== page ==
“Dynamic loads cause vibrations. One particularly dangerous form of vibration is called resonance […]. All structures have a natural frequency of free vibration. […] Resonance occurs if the frequency of an external vibrating force coincides with the natural frequency of the structure. The consequence is a rapid build up of vibrations that can become seriously damaging. […] Wind is a major source of vibrations. As it flows around a bluff body the air breaks away from the surface and moves in a circular motion like a whirlpool or whirlwind as eddies or vortices. Under certain conditions these vortices may break away on alternate sides, and as they are shed from the body they create pressure differences that cause the body to oscillate. […] a structure is in stable equilibrium when a small perturbation does not result in large displacements. A structure in dynamic equilibrium may oscillate about a stable equilibrium position. […] Flutter is dynamic and a form of wind-excited self-reinforcing oscillation. It occurs, as in the P-delta effect, because of changes in geometry. Forces that are no longer in line because of large displacements tend to modify those displacements of the structure, and these, in turn, modify the forces, and so on. In this process the energy input during a cycle of vibration may be greater than that lost by damping and so the amplitude increases in each cycle until destruction. It is a positive feed-back mechanism that amplifies the initial deformations, causes non-linearity, material plasticity and decreased stiffness, and reduced natural frequency. […] Regular pulsating loads, even very small ones, can cause other problems too through a phenomenon known as fatigue. The word is descriptive—under certain conditions the materials just get tired and crack. A normally ductile material like steel becomes brittle. Fatigue occurs under very small loads repeated many millions of times. All materials in all types of structures have a fatigue limit. […] Fatigue damage occurs deep in the material as microscopic bonds are broken. The problem is particularly acute in the heat affected zones of welded structures.”

“Resilience is the ability of a system to recover quickly from difficult conditions. […] One way of delivering a degree of resilience is to make a structure fail-safe—to mitigate failure if it happens. A household electrical fuse is an everyday example. The fuse does not prevent failure, but it does prevent extreme consequences such as an electrical fire. Damage-tolerance is a similar concept. Damage is any physical harm that reduces the value of something. A damage-tolerant structure is one in which any damage can be accommodated at least for a short time until it can be dealt with. […] human factors in failure are not just a matter of individuals’ slips, lapses, or mistakes but are also the result of organizational and cultural situations which are not easy to identify in advance or even at the time. Indeed, they may only become apparent in hindsight. It follows that another major part of safety is to design a structure so that it can be inspected, repaired, and maintained. Indeed all of the processes of creating a structure, whether conceiving, designing, making, or monitoring performance, have to be designed with sufficient resilience to accommodate unexpected events. In other words, safety is not something a system has (a property), rather it is something a system does (a performance). Providing resilience is a form of control—a way of managing uncertainties and risks.”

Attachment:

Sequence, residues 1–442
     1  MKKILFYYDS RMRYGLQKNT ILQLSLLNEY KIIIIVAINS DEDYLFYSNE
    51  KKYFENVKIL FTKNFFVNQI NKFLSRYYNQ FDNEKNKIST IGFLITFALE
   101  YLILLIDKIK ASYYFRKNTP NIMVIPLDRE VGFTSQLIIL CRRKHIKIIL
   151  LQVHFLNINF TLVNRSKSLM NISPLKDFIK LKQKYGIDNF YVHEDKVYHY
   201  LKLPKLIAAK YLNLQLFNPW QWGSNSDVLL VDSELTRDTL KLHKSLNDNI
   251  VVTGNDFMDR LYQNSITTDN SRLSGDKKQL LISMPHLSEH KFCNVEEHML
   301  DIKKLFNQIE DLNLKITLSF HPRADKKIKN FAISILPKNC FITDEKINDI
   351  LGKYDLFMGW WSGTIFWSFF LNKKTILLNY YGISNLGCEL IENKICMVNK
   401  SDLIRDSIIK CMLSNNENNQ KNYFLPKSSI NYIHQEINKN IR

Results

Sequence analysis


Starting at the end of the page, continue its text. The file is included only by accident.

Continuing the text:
Antoni Gaudí. Heinz Isler. Frei Otto.
Eden Project.
Bending moment.
Shear and moment diagram.
Pyramid at Meidum.
Master builder.
John Smeaton.
Puddling (metallurgy).
Cast iron.
Isambard Kingdom Brunel.
Henry Bessemer. Bessemer process.
Institution of Structural Engineers.
Graphic statics (wiki doesn’t have an article on this topic under this name and there isn’t much here, but it looks like google has a lot if you’re interested).
Constitutive equation.
Deformation (mechanics).
Compatibility (mechanics).
Principle of Minimum Complementary Energy.
Direct stiffness method. Finite element method.
Hogging and sagging.
Centre of buoyancy. Metacentre (fluid mechanics). Angle of attack.
Box girder bridge.
D’Alembert’s principle.
S-n diagram.


April 11, 2018 - Posted by | Books, Engineering, Physics